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EghtesadOnline: Legal experts, former bankers and CEOs of Iranian startups converged at Khatam University in Tehran on Wednesday to help devise solutions to overcome regulatory hurdles facing local tech firms.

The event was dubbed Iran RegTech, short for regulatory technology, a new field that utilizes information technology to ease regulatory processes.

Among the speakers were Mohammad Jafar Nanakar, Iran IT Organization’s deputy, Valiollah Fatemi, former banker and director of Kuknos that minted Iran’s gold-backed cryptocurrency, Mohammad Farjood, the head of Tehran Municipality’s ICT Organization and Jhubin Alaghband, CEO of Iran e-commerce giant Snapp.

Shahab Javanmardi, CEO of FANAP—an ICT company affiliated to Bank Pasargad, Nima Namdari, deputy manager at e-commerce firm e-Farda, and Amir Hamooni, CEO of Iran Fara Bourse, outlined what RegTech is and how it can enhance regulatory processes, Financial Tribune reported.

RegTech emphasizes regulatory monitoring, reporting and compliance, and aims to enhance transparency, standardize regulatory processes and present clear interpretations of ambiguous regulations.



Heaps of Problems

Namdari said the inherent populism among Iranian politicians, plus a lack of a knowledge-driven regulatory approach in the country, has impaired the expansion of RegTech sector in Iran.

He believes that Iranian politicians prefer to push problems under the carpet or address them in sweeping ways that can promote their profile as strong decision-makers. Their approach has made RegTech’s expansion hard, if not impossible.

FANAP CEO Javanmardi said businesses and startups can and will benefit from RegTech. 

“Cutting-edge technologies enable both businesses and regulators to become agile and adaptive. State interventionism and bloated bureaucracy in Iran have hampered the activities of startups and fintechs,” he added.

The well-known CEO called on state players to allow tech firms to participate in the regulatory process.

Raising the call for more transparency in business and governance, Javanmardi said, “For attaining sustainable development goals, transparency is pivotal,” which, he stressed, can be boosted by tapping into the potentials of RegTech.

Tehran Municipality’s Farjood spoke about the role RegTech can play in urban management. 

“The potentials of RegTech should and will be tapped for boosting Tehran’s push toward becoming a smart city,” he added.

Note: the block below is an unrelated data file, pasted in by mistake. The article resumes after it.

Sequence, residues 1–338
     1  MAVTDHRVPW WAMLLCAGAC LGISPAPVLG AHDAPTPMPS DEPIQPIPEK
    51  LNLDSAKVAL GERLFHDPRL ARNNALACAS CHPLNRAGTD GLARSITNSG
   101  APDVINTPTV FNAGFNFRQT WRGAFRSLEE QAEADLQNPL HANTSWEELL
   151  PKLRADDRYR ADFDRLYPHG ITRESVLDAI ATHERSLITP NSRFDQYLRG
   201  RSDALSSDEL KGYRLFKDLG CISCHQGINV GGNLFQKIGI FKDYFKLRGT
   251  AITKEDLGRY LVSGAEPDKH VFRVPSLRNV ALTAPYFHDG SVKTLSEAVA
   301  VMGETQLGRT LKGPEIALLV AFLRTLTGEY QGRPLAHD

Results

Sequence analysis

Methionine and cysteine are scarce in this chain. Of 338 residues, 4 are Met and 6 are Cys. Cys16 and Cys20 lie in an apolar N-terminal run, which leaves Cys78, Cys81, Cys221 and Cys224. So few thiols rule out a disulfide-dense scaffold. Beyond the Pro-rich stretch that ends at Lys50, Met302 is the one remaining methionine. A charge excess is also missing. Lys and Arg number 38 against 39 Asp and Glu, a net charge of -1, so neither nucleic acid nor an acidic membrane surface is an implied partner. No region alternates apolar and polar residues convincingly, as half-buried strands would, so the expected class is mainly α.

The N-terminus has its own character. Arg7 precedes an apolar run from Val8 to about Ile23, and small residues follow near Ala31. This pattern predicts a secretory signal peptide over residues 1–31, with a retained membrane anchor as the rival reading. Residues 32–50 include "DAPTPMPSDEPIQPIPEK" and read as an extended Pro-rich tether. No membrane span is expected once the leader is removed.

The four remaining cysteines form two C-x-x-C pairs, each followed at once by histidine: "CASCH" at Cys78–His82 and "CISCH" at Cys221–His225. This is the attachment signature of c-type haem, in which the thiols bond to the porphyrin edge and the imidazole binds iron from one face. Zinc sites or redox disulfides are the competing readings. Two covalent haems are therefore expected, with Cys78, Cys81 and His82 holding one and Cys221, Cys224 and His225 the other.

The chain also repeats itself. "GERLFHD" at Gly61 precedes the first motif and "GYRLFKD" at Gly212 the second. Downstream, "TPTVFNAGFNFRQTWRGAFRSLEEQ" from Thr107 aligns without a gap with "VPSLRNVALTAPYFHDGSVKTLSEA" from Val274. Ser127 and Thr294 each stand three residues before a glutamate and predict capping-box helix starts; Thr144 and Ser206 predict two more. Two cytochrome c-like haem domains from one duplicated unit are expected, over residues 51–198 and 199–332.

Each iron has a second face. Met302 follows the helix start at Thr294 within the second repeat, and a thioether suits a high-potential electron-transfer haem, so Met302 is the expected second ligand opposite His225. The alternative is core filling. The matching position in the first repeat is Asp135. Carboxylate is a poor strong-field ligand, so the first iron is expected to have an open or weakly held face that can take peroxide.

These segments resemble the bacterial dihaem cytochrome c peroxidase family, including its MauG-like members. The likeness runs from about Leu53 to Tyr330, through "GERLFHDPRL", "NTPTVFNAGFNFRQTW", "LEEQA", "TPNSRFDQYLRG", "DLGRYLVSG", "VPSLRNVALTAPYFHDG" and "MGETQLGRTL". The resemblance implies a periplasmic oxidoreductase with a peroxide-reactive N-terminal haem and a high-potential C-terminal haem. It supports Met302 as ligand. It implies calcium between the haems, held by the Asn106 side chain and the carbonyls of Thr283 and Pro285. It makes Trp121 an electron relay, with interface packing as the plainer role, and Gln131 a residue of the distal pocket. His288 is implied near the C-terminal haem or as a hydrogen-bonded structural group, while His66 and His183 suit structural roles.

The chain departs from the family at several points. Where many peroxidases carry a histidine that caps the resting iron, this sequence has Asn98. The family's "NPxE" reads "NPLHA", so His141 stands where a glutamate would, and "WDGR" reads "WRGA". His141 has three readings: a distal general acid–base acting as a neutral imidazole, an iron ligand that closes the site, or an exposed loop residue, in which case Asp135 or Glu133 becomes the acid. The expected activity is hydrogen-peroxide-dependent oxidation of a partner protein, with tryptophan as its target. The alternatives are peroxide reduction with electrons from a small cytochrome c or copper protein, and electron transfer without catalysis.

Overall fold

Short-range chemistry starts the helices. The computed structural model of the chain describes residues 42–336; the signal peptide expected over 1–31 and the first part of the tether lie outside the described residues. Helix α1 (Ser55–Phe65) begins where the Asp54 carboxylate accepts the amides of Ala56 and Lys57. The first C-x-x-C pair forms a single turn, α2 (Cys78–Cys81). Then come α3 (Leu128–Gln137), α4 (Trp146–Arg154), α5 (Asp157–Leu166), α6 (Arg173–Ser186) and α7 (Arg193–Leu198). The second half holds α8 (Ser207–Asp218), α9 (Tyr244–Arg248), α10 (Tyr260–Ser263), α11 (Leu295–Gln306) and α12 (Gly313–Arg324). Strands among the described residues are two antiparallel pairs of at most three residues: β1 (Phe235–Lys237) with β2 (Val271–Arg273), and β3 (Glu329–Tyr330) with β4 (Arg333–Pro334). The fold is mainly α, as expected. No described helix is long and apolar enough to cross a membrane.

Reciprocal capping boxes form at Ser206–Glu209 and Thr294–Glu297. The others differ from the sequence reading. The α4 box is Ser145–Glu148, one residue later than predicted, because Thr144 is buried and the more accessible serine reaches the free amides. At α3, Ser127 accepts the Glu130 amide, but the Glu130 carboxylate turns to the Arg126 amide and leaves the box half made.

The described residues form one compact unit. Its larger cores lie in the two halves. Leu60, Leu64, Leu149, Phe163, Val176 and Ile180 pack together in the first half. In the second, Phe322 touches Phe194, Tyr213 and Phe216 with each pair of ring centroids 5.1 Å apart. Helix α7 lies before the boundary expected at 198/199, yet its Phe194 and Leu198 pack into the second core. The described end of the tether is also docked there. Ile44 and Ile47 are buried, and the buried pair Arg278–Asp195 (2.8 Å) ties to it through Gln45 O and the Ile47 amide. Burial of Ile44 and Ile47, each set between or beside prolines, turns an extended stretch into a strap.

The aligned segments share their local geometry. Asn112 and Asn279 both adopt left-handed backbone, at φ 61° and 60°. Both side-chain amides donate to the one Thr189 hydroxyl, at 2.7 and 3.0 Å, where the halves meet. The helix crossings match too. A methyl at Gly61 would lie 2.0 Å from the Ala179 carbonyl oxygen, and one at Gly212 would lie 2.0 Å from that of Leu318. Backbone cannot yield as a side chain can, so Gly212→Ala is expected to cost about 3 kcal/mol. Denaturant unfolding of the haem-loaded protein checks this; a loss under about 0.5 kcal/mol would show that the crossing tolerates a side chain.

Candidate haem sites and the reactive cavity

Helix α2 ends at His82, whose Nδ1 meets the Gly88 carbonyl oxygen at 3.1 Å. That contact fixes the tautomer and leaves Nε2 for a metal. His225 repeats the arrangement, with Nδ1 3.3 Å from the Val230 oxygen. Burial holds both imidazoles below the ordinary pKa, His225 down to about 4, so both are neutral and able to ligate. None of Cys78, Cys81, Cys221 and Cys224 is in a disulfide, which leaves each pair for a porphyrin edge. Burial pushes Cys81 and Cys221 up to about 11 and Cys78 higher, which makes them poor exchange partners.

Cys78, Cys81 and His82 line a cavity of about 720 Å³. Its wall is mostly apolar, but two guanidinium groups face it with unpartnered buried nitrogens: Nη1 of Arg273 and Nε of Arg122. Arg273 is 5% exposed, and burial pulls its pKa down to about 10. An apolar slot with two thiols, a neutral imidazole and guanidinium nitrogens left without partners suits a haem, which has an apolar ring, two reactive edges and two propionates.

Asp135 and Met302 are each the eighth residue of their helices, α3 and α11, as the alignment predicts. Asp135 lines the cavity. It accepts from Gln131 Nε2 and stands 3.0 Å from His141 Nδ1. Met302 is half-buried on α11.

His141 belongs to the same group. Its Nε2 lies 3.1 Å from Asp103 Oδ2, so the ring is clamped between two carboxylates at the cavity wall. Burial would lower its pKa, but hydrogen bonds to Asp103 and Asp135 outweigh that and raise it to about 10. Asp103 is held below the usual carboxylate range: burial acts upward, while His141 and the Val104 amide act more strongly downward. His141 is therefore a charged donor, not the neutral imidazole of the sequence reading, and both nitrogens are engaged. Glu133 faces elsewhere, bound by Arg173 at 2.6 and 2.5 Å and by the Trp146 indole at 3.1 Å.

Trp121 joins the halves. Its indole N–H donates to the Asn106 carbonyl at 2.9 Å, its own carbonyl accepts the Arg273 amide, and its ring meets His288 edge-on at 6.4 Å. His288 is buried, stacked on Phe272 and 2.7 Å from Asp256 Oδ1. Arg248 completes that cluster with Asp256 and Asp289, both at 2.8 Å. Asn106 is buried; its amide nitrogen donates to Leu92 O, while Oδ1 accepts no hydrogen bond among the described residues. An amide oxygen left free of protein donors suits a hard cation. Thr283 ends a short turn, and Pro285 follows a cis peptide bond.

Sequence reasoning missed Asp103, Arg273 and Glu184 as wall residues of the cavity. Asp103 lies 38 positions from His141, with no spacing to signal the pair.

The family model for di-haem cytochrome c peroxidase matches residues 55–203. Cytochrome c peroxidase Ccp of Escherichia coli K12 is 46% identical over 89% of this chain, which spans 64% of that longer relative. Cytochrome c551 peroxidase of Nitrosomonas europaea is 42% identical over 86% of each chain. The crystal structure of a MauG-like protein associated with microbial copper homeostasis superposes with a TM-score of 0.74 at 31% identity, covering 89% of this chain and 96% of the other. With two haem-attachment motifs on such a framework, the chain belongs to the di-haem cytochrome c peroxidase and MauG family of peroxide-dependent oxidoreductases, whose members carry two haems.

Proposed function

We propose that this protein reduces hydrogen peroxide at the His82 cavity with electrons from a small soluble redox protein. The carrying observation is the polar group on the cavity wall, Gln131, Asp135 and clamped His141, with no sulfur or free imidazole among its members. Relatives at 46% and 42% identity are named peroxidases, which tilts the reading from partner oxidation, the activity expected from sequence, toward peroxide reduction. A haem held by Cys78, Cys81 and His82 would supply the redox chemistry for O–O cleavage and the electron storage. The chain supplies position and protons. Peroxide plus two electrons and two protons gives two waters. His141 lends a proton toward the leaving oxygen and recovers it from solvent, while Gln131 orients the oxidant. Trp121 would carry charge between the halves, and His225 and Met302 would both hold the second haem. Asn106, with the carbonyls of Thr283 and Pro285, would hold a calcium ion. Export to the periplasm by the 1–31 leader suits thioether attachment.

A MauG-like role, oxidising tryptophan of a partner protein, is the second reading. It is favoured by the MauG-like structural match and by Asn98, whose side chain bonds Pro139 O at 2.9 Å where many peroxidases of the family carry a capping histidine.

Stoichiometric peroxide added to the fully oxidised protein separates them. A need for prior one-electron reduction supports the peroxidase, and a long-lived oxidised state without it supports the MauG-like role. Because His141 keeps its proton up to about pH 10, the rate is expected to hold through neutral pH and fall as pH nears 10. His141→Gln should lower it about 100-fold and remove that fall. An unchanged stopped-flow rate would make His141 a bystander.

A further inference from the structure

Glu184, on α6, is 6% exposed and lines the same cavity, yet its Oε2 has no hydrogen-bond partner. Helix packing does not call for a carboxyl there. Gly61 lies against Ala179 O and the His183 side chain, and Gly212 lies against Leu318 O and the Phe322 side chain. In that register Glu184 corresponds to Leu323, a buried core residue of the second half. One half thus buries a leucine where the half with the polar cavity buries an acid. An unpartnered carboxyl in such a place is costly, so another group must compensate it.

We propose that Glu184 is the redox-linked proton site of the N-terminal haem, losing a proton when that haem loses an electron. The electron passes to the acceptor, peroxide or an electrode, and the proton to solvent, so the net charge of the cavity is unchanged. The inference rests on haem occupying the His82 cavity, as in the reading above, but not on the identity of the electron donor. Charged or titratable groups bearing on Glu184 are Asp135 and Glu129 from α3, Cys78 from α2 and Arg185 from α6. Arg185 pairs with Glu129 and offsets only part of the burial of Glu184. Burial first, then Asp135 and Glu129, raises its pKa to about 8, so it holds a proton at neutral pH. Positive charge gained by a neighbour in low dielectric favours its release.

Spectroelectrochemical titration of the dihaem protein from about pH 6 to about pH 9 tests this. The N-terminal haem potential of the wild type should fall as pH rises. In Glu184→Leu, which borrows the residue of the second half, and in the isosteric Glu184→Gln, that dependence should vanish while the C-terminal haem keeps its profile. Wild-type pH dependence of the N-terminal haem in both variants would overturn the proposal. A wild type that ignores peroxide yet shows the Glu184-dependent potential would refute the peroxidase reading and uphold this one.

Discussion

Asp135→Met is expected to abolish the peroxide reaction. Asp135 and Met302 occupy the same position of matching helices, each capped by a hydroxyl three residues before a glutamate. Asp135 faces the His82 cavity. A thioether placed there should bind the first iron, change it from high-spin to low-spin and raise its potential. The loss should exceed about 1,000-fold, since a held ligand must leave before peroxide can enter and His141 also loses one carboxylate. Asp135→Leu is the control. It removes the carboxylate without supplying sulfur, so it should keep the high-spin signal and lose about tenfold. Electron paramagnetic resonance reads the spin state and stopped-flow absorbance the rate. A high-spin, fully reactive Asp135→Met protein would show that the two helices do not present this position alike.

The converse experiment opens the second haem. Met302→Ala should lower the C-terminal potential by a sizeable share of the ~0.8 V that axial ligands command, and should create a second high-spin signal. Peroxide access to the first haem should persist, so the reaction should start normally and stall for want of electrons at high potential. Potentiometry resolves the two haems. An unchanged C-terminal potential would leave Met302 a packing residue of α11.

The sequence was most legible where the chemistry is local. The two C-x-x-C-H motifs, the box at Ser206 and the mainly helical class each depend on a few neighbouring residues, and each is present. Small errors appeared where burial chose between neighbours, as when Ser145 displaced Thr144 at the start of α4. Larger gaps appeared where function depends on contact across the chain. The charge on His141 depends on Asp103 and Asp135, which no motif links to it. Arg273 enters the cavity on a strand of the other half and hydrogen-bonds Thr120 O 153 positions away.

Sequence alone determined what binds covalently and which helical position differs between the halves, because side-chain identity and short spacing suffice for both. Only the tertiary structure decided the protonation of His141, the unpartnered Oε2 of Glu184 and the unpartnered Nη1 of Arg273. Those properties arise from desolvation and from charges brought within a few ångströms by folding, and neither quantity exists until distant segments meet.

Farjood also discussed Tehran Municipality’s endeavors for transforming the Iranian capital into a smart city, including through the introduction of an open API platform that can help make regulatory producers more efficient.

Snapp’s Alaghband also discussed obstacles to expanding ride-hailing business in Iran. From establishing a system for running on-demand background checks on drivers to the company’s long-drawn fracas with municipalities over taxation and oversight, Snapp has faced an uphill battle toward growth.



Flawed Legal System

ITO’s deputy for legal affairs stressed that in addition to being flawed, Iran’s legal system is overly politicized and this has impaired legal procedures.

“Ineffective legal infrastructure has hindered Iranian startups’ growth. Iran’s legal system is a hodgepodge of common and civil law systems, which has impaired national development,” Nanakar said.

The system of jurisprudence is based on the doctrine of judicial precedent, the principle under which lower courts must follow the decisions of higher courts, rather than on statutory laws.

Civil law systems rely on written statutes and other legal codes that are constantly updated to establish legal procedures, punishments and what can and cannot be brought before a court.

According to Nanakar, RegTech, along with overhauling the legal system, can address major issues that businesses are struggling with.

“The Iranian state should open up and adopt an open data approach to governance and business,” he said.

Although all speakers at Iran RegTech listed unending impediments in making regulatory processes efficient, all of them remained upbeat that young talented Iranians will ultimately overcome all hurdles.


Iran tech firms Startups Bankers Regulatory Hurdles RegTech Legal experts Khatam University